I started 2019 with quite an adventure in the coldest, and northernmost place I have ever been to in my life. Being a big Game of Thrones fan, I can truthfully say that I have been to the strange, icy lands north of the Wall…in this case, north of the Great Wall of China. I visited the city of Harbin, in northern China, near the border with Russia. Harbin is home to the world famous Ice & Snow festival, which is now in its 20th year.
The best time to visit the ice festival is from 25 December until the end of January. For the rest of the year there are only indoor ice sculptures and it is quite an underwhelming experience. This time of the year is the ideal time and the ticket prices increase tenfold from 30 RMB to 300 RMB.
I visited the place with a tour group along with my friend and fellow Game of Thrones super fan, Charmaine from the Beyond Office Hours Blog – check it out & subscribe. Harbin had been on her travel bucket list, so a couple of weeks into December we decided to book the trip. I had read about the ice festivals, ice hotels and so on in different countries of the northern hemisphere but had never planned to visit, nor had I heard of Harbin itself.
To describe the place as “cold” is so arbitrary. I don’t think we were psychologically prepared for the cold. We left shopping for some of our cold weather gear to the last minute. I kept checking the weather in the week before we left. It was around -10C. That scared me. I love warm weather and comfort. When it is -1C in Gauteng province, South Africa it is a serious, dramatic Cold Front! Well, the morning we left for Harbin the temperatures dipped to -17 and on the night we visited the Ice Festival, the mercury plummeted to -21C!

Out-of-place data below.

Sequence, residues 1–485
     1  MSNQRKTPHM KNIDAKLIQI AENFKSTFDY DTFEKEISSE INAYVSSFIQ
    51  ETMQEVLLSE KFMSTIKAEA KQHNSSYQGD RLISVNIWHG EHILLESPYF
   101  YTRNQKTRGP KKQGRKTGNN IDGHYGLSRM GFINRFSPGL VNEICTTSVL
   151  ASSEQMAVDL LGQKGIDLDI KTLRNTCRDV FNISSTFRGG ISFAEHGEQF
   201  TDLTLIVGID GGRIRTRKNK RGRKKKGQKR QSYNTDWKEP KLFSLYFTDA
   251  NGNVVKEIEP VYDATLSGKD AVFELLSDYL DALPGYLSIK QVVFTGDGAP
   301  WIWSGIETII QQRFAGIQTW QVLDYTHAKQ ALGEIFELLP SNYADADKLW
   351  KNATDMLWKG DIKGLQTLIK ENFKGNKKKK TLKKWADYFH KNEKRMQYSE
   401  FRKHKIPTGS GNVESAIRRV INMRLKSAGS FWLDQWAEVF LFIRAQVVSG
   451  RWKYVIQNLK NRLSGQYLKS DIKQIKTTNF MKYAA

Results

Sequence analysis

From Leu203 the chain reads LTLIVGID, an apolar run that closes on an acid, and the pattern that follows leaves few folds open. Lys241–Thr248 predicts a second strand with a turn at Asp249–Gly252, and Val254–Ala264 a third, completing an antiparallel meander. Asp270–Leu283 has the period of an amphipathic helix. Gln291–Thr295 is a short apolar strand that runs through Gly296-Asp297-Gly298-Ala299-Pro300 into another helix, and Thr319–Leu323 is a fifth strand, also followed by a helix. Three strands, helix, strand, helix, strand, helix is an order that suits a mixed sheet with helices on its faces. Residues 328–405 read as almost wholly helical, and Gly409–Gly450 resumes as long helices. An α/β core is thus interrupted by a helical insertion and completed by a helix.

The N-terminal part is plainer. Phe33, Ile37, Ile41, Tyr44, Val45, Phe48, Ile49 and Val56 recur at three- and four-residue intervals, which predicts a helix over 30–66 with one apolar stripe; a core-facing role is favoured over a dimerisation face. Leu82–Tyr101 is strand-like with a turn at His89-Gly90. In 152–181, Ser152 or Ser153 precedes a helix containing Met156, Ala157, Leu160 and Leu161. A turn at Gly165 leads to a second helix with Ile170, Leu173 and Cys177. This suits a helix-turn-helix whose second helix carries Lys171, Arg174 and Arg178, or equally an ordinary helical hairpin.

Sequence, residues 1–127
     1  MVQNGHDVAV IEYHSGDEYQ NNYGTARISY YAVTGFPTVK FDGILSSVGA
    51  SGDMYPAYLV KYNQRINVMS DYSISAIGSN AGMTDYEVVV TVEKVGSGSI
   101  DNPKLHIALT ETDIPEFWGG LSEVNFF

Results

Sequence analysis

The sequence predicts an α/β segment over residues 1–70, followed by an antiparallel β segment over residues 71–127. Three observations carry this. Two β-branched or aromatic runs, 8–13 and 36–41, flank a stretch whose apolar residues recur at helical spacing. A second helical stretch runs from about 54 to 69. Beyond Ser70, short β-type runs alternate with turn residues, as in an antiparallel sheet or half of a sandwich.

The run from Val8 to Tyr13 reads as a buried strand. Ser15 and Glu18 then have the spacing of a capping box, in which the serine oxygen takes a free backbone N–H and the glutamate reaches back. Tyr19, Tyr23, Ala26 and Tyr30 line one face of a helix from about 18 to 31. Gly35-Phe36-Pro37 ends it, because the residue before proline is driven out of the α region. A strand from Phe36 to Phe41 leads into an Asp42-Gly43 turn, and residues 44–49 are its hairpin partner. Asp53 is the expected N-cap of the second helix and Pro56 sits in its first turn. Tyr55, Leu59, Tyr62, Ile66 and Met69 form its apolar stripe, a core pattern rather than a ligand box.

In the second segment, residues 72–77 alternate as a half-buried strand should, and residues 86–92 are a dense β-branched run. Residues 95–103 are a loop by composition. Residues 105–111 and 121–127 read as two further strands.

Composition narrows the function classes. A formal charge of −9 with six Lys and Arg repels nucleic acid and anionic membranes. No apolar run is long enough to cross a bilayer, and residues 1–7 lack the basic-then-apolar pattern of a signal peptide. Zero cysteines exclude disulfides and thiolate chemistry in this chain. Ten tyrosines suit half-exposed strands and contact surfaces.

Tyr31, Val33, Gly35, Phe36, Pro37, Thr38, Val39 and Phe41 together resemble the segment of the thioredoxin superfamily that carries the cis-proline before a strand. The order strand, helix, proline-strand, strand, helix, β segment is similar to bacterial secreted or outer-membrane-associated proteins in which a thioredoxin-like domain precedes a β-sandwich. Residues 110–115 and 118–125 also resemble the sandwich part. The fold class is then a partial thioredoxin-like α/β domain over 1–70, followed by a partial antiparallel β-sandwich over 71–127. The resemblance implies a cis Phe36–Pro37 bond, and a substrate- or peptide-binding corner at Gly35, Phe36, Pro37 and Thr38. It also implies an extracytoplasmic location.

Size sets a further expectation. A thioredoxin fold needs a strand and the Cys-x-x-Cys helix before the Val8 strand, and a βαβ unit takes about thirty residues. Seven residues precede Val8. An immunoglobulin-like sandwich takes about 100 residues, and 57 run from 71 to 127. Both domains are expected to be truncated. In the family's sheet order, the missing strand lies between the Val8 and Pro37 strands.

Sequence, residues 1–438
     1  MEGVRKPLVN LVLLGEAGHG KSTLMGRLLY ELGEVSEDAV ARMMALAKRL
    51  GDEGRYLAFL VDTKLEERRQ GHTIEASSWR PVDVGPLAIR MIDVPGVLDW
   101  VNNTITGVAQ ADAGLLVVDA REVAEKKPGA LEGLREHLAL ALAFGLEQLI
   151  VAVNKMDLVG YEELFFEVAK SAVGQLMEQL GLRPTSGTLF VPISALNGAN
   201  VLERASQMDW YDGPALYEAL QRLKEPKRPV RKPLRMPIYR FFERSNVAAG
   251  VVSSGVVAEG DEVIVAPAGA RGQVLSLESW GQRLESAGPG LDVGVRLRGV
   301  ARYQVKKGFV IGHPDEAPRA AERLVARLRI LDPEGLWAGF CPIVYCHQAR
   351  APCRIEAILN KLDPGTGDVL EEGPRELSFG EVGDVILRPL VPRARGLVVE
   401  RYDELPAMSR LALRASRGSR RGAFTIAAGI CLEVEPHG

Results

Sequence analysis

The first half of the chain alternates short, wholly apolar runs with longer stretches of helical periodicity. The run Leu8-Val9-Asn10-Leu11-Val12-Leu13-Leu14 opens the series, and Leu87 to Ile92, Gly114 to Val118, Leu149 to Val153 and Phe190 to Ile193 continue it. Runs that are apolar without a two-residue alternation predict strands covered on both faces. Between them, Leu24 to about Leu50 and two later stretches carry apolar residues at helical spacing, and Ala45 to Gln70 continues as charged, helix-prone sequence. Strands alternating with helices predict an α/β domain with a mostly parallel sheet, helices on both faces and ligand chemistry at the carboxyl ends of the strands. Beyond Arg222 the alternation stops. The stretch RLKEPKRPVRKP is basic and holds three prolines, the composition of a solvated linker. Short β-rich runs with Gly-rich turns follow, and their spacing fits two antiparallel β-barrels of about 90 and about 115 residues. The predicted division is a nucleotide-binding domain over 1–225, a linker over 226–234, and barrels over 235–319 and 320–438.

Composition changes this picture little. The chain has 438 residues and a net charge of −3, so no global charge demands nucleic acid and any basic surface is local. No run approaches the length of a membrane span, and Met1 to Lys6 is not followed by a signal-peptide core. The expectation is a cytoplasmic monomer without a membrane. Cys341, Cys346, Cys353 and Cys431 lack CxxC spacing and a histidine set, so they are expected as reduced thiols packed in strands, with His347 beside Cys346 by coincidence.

If you plan to visit Harbin, I suggest that you visit a ski shop, as we did on our first afternoon with the tour guide. They will advise you on the correct shoes, gloves, thermal underclothes and ski gear you may need. A thermos is also a very good idea for tea, coffee or something stronger like the local rice wine! We didn’t have hot drinks with us & all of the shops were very crowded, with long queues.
The Ice Festival itself was bitterly cold. Our fingers & toes were freezing, despite the good gloves, boots, socks and heat packs. It was a huge challenge trying to take pictures. There was a lot to see at the festival and also lots to do for those who like snow games. There is a huge slide for adults – some went down in inflatable boats, and a smaller slide for kids.
The main arena of the festival has all of these brightly lit structures and more.
Many of the them are replicas of famous buildings and monuments from the around the world.
Other buildings are inspired by Disney, like this castle from Frozen!
The main sculptures are ice, which is lit up with special lights that don’t give off heat. All of the ice comes from the local river. However, there are a few massive snow sculptures too.
Our tour guide Allison told us there is always a Buddha sculpture at the festival. However, she said this year’s statue was not the largest. In previous years the Buddha has been of epic proportions, apparently.
In the Chinese calendar, 2019 will be the year of the Pig. There was a row of sculptures with all the Chinese zodiac animals, including the pig.
Overall, the Harbin experience was pretty epic. I met wonderful, fun, outgoing people and we explored the city together. The place was bitterly cold, so be prepared for that if you plan to visit. It is part of the experience. After visiting Harbin from being used to warm climates, you will be stronger and know that you could survive just about anywhere that is cold. The great thing about the city is that their infrastructure is set up for the cold. All of the restaurants, hotels and public buildings are very warm, with mandatory underfloor heating. I would consider visiting Harbin again with friends who want to have this experience.
More Harbin posts will follow, regarding different aspects of the city like buildings, food and other tourist activities.
I wish you all a wonderful 2019!